Comparative analysis is, with statistical and case study approaches, one of the three main tools for studying macrophenomena in the social sciences. This paper begins by delimiting its essential characteristics in contrast to the other two approaches, noting that it owes much of its strength to cases studies even though it focuses, like statistical methods, on explaining how phenomena vary, producing both similarities and differences among cases (the complex configurations of variables where the phenomena are studied). The paper then presents a protocol of research steps that must be followed in order to minimize the possibilities of error in using comparative analysis. It is easy to fall prey to such errors, given the many variables that must be examined in a smaller number of cases-the defining feature of this form of analysis. Juan Linz's work is frequently mentioned as among the most insightful in comparative analysis because it has followed, avant la lettre, the protocol presented here.

Resumen

El análisis comparado es, junto a los estudios estadísticos y de casos, una de las tres herramientas básicas de las ciencias sociales para estudiar los fenómenos macrosociales. Este artículo comienza con una discusión de sus características esenciales contrastándolas con las otras dos metodologías. Señala que el análisis comparado se apoya considerablemente en los estudios de casos, aunque trata, al igual que las aproximaciones estadísticas, de explicar cómo y por qué varían los fenómenos estudiados, produciendo tanto similitudes como diferencias entre los casos (las configuraciones complejas de variables en las cuales se estudian los fenómenos). El artículo presenta a continuación un protocolo de pasos que deben seguirse para minimizar las posibilidades de cometer errores al usar el análisis comparado. Es fácil caer en estos errores dada la gran cantidad de variables que se deben examinar en un número más reducido de casos-característica definitoria de este tipo de análisis. Se hace frecuentemente mención a la obra de Juan Linz, ya que su uso incisivo de la metodología comparada ha seguido, avant la lettre, el protocolo que se presenta aquí.


J. Samuel Valenzuela is Professor of Sociology and Fellow of the Kellogg Institute at the University of Notre Dame. He was formerly on the faculty at Yale and Harvard Universities and has been a Visiting Fellow and Senior Associate Fellow at St. Antony's College, Oxford University. He has held fellowships from the National Endowment for the Humanities and the John Simon Guggenheim Foundation. He is the author of Democratización vía reforma: La expansión del sufragio en Chile and (with Erika Maza Valenzuela) of Religion, Class, and Gender: Constructing Electoral Institutions in Party Politics in Chile (from the University of Notre Dame Press and Macmillan). He has edited or coedited four books and written over three dozen articles for journals and books on the intersections between labor and politics, democratization in the nineteenth century and out of contemporary authoritarian regimes, and social change.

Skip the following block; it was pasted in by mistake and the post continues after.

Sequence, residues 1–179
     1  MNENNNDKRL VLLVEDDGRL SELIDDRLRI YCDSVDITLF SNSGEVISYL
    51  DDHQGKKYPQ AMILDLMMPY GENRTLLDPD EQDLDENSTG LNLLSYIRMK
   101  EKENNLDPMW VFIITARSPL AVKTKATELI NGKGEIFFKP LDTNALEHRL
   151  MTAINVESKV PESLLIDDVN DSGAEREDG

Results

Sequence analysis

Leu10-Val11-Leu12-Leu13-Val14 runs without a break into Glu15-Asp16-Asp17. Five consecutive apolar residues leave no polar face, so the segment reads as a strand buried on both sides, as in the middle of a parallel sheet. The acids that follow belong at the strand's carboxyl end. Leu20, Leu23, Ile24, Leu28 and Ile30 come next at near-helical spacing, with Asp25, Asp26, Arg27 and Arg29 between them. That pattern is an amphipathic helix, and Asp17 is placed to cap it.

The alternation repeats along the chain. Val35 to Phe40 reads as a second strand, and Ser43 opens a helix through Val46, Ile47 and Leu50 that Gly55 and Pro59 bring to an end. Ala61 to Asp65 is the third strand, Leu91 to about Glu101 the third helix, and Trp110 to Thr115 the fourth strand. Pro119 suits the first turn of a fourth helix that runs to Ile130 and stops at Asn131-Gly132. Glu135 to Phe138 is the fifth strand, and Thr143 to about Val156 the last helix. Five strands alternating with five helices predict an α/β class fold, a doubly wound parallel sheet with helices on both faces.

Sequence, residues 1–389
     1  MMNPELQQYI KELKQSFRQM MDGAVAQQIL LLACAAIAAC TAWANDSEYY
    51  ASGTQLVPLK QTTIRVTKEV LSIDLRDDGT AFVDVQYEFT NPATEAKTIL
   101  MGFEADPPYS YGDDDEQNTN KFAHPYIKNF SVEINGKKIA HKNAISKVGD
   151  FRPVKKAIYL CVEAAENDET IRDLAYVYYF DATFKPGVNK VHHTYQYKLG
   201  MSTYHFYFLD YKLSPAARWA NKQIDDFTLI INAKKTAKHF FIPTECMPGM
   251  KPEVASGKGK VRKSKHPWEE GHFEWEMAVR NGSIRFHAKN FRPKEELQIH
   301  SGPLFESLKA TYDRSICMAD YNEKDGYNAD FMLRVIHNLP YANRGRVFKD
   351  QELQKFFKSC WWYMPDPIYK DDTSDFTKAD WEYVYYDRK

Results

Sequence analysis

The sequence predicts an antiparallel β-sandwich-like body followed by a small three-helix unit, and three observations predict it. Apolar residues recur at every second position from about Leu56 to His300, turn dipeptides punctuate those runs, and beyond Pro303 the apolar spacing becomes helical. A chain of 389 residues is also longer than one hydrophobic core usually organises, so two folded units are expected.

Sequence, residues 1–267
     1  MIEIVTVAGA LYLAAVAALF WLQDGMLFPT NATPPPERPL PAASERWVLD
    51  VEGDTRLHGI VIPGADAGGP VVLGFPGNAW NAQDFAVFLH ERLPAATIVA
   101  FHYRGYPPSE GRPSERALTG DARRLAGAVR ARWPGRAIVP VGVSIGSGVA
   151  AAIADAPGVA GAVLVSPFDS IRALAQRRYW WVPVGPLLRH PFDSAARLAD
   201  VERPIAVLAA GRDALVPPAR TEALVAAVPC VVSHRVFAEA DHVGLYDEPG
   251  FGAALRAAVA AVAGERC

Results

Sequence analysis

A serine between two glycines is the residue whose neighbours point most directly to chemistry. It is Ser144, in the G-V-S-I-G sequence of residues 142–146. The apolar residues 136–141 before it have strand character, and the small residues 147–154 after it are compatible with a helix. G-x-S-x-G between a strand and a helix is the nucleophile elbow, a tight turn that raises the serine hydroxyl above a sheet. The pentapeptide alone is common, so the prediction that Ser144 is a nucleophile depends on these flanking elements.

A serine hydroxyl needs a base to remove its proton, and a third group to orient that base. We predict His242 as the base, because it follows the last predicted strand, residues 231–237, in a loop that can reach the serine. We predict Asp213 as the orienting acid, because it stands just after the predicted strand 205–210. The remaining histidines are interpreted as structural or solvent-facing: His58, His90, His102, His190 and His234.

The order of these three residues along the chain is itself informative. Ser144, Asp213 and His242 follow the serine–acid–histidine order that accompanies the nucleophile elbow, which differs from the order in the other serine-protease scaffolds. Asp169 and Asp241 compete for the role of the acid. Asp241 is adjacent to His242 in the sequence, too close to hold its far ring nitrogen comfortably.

Valenzuela wrote a first version of this paper at Columbia University in preparation for research on comparative labor movement formation. This version is based on talks given in 1995 and 1996 at the Sociology Departments of the Universities of Pennsylvania and Stockholm. He thanks Erika Maza Valenzuela and Robert Fishman for help in sharpening its focus. He also wishes to extend his appreciation to many colleagues who have reacted over the years to his presentation of the approach to comparative analysis presented here, especially Elijah Anderson, David Collier, Marta Gil-Swedberg, Jeffrey Goodwin, Peter Hedstrøm, Walter Korpi, Orlando Patterson, Allan Silver, Theda Skocpol, Richard Swedberg, Charles Tilly, and Harrison White. His gratitude goes as well to the John Simon Guggenheim Foundation, whose fellowship allowed him to put these ideas into article form, and to the Latin American Center at St. Antony's College, Oxford University, for its academic hospitality while he was writing this version. This paper is also in Politics, Society, and Democracy: Latin America, eds. S. Mainwaring and A. Valenzuela (Boulder, CO: Westview Press, 1997).